Conor Cruise O’Brien, RIP

The Irish writer Conor Cruise O’Brien, who died last week aged 91, had a very varied career, straddling as his Times obituary says ‘diplomacy, politics, historical scholarship, literature and journalism’.

It was the last three that attracted me, though the first two informed them. I probably first came across him via his introduction to the Penguin edition of Edmund Burke’s Reflections on the Revolution in France, though I can remember also liking his mid-1980s book on Israel, The Seige, after which in some circles he was known as Conor Cruise O’Zion. From the Times obituary, he wrote it for much the same reason I read it, the influence of Jewish friends. Political views are usually part biography.

In 1994 I interviewed him for Policy, during my first stint as editor. We mostly talked about nationalism, which nearly 15 years on I fear may have annoyed him; presumably he was hoping to publicise his book The Great Melody: A Thematic Biography of Edmund Burke, which had recently come out in paperback. Re-reading the interview, he knew a surprising amount about Australia, commenting on the history of Catholic-Protestant relations here and praising Noel Pearson.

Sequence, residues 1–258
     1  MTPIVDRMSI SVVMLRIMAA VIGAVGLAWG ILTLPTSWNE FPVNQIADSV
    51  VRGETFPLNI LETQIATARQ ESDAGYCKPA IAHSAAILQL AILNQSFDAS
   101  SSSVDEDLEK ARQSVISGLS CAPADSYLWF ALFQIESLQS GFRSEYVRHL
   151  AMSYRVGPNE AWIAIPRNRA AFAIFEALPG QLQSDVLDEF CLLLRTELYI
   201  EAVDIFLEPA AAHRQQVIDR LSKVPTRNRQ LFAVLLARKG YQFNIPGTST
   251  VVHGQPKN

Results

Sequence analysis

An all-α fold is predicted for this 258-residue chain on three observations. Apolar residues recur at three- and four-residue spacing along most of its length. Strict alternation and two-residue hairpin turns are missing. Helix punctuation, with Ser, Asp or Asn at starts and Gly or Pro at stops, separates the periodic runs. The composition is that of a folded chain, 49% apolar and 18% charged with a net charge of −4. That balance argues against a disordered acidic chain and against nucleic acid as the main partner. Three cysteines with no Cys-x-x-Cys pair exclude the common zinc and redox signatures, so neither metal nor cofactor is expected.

It’s probably nearly as long ago as that interview since I read O’Brien, and I felt embarrassed as I read the obituaries that I could not recall a single idea, insight or piece of information that I could attribute to his writings. Perhaps they are there in my memory, unattributed. But on dipping into The Great Melody, it’s clear that he was one of those writers with the talent to make reading its own reward.

Conor Cruise O’Brien, RIP.

2 thoughts on “Conor Cruise O’Brien, RIP

  1. He had nuanced progressive leftish views and his respect for the truth and willingness to change sides as circumstances changed meant that he was never going to be the captive or the mouthpiece of any faction. We could use a lot more commentators like that.


  2. maybe you’re blocking some of those ideas out – what i remember of o’brien is his book on jefferson, who he sees as the root of the attitude that led eventually to Pol Pot. funny, few of his admirers mention that one.


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